General Considerations for Genericide in the European Union (E.U.)

Trademark protection for the 27 member states of the EU are governed by the Community Trademark Regulation (CTMR). This body, founded in 1993, was codified through EC regulations for the purpose of registering community trademarks and offering community protections. “The requirements for obtaining trademark protection through registration in Europe are substantially the same in all Member States and in the Community trademark system.” It is important to note, however, that the conditions that prevent the registration of those trademarks are likewise similar, as “registration is not available for marks which are devoid of distinctive character, which are descriptive of characteristics of the goods or services, such as their nature, quality, or geographical origin, or which are generic.” The last portion of this clause, a mark being generic in nature, disqualifies a mark from being protected as a registered trademark due to the process known as genericide.

There are two ways in which a trademark can succumb to genericide. In the first instance, if an organization uses a trademark widely, and then discontinues the use of the trademark, even if registered, and the trademark sits stagnant for a period of ten years, after that period of time, the trademark is considered to be generic in nature and all associated protections identified with the registration of the trademark lapse. The second main process that may occur, causing the trademark to be identified as generic is if the trademark has never been registered and has not been documented as existing for a given period of time; this latter instance typically only occurs in the case of small business organizations who have ideas regarding the creation of a trademark, but due to the limited use it receives do not register that trademark. The final process that can result in the genericide of a trademark is if a trademark may originally be attributed to a particular organization, but then becomes so widely used that it becomes generic and thus no longer able to be protected; examples of this include bubble wrap, dumpster, ping pong, and many others.


Trademark protection is available for a wide variety of signs that are used to distinguish the goods and services of an entity or organization from the goods and services provided by another organization. The trademark may consist of one or more of the following: fanciful or coined marks, arbitrary marks, suggestive marks, or descriptive marks. The mark must be something that makes the product or service unique, standing out from others, while at the same time offering up an association with the product or service and the organization that has created the product or service.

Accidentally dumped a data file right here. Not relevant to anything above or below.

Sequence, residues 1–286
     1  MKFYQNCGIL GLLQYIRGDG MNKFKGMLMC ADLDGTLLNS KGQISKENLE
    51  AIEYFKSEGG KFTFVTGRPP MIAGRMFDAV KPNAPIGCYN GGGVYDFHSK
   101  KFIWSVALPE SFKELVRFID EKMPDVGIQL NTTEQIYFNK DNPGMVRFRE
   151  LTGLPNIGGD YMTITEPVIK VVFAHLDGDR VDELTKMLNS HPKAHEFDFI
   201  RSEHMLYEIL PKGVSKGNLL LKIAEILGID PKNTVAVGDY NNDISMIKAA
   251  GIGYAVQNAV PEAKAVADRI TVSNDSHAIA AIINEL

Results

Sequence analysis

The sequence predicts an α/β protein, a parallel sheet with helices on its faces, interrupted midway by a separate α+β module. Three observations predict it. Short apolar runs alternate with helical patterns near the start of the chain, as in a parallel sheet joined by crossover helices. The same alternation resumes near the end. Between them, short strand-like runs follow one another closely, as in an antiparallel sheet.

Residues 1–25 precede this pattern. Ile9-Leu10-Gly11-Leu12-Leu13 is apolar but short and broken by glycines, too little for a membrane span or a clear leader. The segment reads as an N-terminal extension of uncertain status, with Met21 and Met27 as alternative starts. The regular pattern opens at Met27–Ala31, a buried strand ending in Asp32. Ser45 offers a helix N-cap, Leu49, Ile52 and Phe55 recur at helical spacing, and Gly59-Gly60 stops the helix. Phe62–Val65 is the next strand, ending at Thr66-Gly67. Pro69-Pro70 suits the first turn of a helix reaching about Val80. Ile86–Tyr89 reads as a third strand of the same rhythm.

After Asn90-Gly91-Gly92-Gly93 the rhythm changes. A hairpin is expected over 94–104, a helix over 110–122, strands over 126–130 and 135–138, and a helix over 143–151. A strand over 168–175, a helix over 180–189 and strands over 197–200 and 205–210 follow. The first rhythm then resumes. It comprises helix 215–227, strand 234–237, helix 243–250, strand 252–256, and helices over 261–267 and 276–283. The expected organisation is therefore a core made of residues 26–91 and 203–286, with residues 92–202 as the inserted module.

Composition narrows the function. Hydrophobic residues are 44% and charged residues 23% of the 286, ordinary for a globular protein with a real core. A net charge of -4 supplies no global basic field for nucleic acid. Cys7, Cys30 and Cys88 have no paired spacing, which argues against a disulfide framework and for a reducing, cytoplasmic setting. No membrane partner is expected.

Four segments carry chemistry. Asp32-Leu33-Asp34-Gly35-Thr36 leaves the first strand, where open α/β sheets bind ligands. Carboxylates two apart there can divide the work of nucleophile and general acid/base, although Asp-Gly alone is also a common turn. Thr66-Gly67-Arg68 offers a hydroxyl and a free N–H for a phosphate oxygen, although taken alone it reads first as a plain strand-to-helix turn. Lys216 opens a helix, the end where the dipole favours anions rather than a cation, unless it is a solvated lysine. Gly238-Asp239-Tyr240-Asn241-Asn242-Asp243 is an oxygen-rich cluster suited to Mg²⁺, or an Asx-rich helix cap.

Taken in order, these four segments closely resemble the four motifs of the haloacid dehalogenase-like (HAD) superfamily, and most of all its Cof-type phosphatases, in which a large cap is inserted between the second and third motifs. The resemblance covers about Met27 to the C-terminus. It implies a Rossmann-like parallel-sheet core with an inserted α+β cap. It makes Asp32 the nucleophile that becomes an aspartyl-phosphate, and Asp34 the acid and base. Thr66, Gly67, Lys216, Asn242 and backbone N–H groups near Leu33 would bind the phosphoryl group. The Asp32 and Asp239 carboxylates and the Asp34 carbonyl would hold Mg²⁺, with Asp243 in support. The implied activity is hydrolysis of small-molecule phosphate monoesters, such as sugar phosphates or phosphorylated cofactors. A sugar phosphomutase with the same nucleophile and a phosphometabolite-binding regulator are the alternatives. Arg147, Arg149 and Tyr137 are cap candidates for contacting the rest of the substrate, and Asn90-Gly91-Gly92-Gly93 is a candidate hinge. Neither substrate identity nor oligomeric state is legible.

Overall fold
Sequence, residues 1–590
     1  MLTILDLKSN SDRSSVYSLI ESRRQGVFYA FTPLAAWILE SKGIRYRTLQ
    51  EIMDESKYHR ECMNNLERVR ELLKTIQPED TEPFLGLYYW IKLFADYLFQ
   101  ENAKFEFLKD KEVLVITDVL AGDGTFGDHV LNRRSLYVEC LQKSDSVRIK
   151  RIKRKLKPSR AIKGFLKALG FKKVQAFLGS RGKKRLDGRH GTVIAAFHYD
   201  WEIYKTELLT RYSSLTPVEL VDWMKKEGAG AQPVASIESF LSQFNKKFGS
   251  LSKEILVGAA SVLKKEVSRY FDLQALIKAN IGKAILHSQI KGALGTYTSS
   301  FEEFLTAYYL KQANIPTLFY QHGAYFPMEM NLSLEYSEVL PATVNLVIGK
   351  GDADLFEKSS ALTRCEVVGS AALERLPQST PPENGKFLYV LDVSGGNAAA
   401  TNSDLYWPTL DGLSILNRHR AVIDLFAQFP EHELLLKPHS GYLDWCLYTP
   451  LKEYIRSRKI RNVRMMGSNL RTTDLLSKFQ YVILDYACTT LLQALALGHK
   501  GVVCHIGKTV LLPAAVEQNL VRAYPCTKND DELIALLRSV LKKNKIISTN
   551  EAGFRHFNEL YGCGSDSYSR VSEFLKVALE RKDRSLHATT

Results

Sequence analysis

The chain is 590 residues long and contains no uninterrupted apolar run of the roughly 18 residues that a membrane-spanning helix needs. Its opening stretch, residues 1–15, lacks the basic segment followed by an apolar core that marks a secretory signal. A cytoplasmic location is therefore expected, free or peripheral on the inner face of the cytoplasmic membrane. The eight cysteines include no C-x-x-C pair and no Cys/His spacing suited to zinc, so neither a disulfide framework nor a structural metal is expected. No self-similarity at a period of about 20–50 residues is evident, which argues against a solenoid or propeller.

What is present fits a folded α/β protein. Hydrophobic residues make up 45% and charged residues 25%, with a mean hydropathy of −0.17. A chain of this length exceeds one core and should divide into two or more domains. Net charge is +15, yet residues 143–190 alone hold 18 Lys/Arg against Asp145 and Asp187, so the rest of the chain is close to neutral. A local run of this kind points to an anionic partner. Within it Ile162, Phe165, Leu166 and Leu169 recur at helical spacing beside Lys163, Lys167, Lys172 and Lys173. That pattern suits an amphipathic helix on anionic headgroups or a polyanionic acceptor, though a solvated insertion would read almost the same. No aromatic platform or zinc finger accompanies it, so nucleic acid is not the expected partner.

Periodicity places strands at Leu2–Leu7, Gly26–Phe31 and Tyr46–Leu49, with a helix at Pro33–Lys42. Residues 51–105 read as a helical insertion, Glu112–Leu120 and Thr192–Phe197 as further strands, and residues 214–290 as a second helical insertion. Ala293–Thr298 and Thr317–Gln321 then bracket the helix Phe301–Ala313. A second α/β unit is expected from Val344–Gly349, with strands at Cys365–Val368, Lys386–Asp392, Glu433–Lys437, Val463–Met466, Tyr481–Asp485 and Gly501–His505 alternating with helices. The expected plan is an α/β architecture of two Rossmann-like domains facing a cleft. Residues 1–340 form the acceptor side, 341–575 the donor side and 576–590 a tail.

To prevent genericide from occurring, there are certain practices that may be undertaken by an organization. First, the trademark should be used as an adjective to a generic term, as in the case of Kleenex tissues. Next, the trademark should never be pluralized, turning the adjective into a noun, e.g. Oreo cookies, never Oreos. A trademark should never be possessive, and all possible efforts should be made to ensure that the noun representing the trademark does not become verbicized, e.g. a person should use a Xerox machine as opposed to xeroxing documents. While it is not up to a company as to whether or not certain of these procedures occur or do not occur, the marketing of the product or service should be geared around working to ensure that the likelihood for the same is diminished.

Liability Fixation and Genericide Rules

To prevent liability, the rules identified in Article 15 of Council Regulation (EC) No 40/94 should be adhered to. To prevent liability, the community trademark cannot be used in a form that alters the character of the mark in the form in which it was registered. It cannot be affixed to goods solely for the purpose of exportation, and it cannot be used without permission of the proprietor. Failure to adhere to any of the aforementioned council regulations will leave the responsible party open to civil liability.

How to Beat Genericide in the EU

The key to beating genericide is not realized within the registration or use of a trademark. On the contrary, the associated service should always hold weight over the brand name. Affording protection to the service makes it so that one cannot produce a knock-off of the brand and then attempt to use the trademark. Google EU is a great example because the program is always changing and always updated legally though multiple patent add-ons that it is quite impossible to create a generic service that does close to what Google does. In parallel, the trademark cannot be used because the service cannot be replicated.


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